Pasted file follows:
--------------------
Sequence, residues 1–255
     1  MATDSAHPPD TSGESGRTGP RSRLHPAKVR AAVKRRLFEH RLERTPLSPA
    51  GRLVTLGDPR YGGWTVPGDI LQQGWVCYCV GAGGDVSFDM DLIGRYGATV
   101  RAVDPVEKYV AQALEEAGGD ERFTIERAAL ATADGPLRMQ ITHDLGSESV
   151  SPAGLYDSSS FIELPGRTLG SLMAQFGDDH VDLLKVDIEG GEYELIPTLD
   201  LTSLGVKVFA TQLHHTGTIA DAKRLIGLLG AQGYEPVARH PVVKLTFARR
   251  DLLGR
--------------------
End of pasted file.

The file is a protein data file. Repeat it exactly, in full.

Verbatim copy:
Sequence, residues 1–255
     1  MATDSAHPPD TSGESGRTGP RSRLHPAKVR AAVKRRLFEH RLERTPLSPA
    51  GRLVTLGDPR YGGWTVPGDI LQQGWVCYCV GAGGDVSFDM DLIGRYGATV
   101  RAVDPVEKYV AQALEEAGGD ERFTIERAAL ATADGPLRMQ ITHDLGSESV
   151  SPAGLYDSSS FIELPGRTLG SLMAQFGDDH VDLLKVDIEG GEYELIPTLD
   201  LTSLGVKVFA TQLHHTGTIA DAKRLIGLLG AQGYEPVARH PVVKLTFARR
   251  DLLGR